The fact that insurance companies are heavily interested in car and traffic data is long known. Understanding and tracking the behavior of drivers allows them to reward risk-averse driving and offer accordingly low rates, while risky behavior will be penalized with higher rates. Drivers voluntarily opt into this policy (thus, most probably only those who view their responsible driving skills as above average), but certain problems will always remain attached to this issue. Tracking GPS data on individual level could provide the respective company with all sort of other clues about the personal life of the individual, which goes far beyond the initial purpose of data transmission.
At the same time, though, on an aggregated and anonymized level GPS data from cars helps automotive companies to understand certain phenomena better, e.g. the occurrence of speeding or traffic light violations. Being able to detect those instances in the data and subsequently enhancing the understanding of the respective situational context sets the ground for the development of mechanisms, which could intelligently help to prevent them. The vehicle as such does provide various opportunities to enable smarter decision-making of the driver. As long as automotive companies understand the context of potentially dangerous situation in data, they are able to conceptualize tools which not only enhance user / driver experience, but subtly contribute to the minimization of accident risk.
Predicting customer’s purchases
While data science in manufacturing is certainly a core component of the data science impact on automotive companies (see our blog post on manufacturing and data science), there are aspects along the entire value chain, which are experiencing transformation. One of them, is the organization of sales initiatives.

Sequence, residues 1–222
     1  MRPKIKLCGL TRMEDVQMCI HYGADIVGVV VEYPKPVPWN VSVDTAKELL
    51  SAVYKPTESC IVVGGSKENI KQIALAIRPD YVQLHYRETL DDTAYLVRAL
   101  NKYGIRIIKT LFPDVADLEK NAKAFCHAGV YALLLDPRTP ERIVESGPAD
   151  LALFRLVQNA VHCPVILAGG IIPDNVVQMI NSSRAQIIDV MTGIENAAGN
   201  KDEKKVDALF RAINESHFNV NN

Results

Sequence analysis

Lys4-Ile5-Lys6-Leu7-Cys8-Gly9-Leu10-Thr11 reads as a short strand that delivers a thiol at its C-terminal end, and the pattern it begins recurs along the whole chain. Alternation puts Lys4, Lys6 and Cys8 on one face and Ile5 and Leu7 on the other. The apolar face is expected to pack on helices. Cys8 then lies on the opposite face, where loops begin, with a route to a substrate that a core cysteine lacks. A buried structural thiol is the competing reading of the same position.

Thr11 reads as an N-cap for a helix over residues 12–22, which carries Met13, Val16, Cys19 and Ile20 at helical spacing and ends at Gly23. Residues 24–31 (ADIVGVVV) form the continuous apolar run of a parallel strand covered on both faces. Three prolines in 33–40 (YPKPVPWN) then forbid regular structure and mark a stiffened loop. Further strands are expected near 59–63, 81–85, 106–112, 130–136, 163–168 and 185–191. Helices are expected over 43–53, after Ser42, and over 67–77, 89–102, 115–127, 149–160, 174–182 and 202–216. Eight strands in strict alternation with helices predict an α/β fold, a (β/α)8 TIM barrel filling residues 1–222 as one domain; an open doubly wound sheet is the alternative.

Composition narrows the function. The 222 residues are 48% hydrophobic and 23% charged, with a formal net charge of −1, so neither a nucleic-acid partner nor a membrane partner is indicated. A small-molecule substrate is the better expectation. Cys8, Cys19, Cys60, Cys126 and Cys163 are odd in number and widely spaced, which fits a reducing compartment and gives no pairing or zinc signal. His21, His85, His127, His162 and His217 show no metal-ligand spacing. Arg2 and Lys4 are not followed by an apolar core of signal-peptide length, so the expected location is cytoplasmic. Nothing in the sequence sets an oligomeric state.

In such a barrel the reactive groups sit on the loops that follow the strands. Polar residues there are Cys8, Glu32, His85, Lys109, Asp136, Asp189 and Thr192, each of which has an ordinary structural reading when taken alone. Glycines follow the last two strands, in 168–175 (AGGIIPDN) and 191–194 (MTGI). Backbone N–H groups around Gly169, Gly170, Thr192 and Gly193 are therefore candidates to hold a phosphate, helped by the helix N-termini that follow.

With highly integrated customer relationship management (CRM) systems, this data naturally bears the potential to be turned into valuable insights. When is a certain customer likely to be purchasing again? What after sales activities should be offered to whom? Reliably predicting demand across large customer bases, better segmentation and targeting of sales efforts entails the promise of a better ROI within the sales organization. Instead of using costly and inefficient waterfall tactics, automotive companies can apply more data driven strategies which increase the rate of success. Being more customer-centric also allows them to drive this responsiveness to other functions within the corporation, potentially lifting even more potential.
The car is such a central element in people’s life, that innovation in its industry is moving with rapid pace. Revenue and optimization opportunities arise along the entire value chain and automotive companies face the challenge of adequately prioritizing their roadmap. Support for the core business case can be one goal, while unlocking completely new business cases might also be an option. Balancing risk and reward in an adequate manner, pursuing radical innovation while maintaining focus on the bottom line will be the key distinguisher in the industry for the years to come. As it remains uncertain, when exactly autonomously driving cars will become a reality on our streets, they will be at some point. Nevertheless, while this might be the most visible, it is by far not the only frontier for innovation for automotive companies. Examples for data science applications are manifold and the more success stories emerge, the more will companies be willing to invest time and money to pursue those opportunities.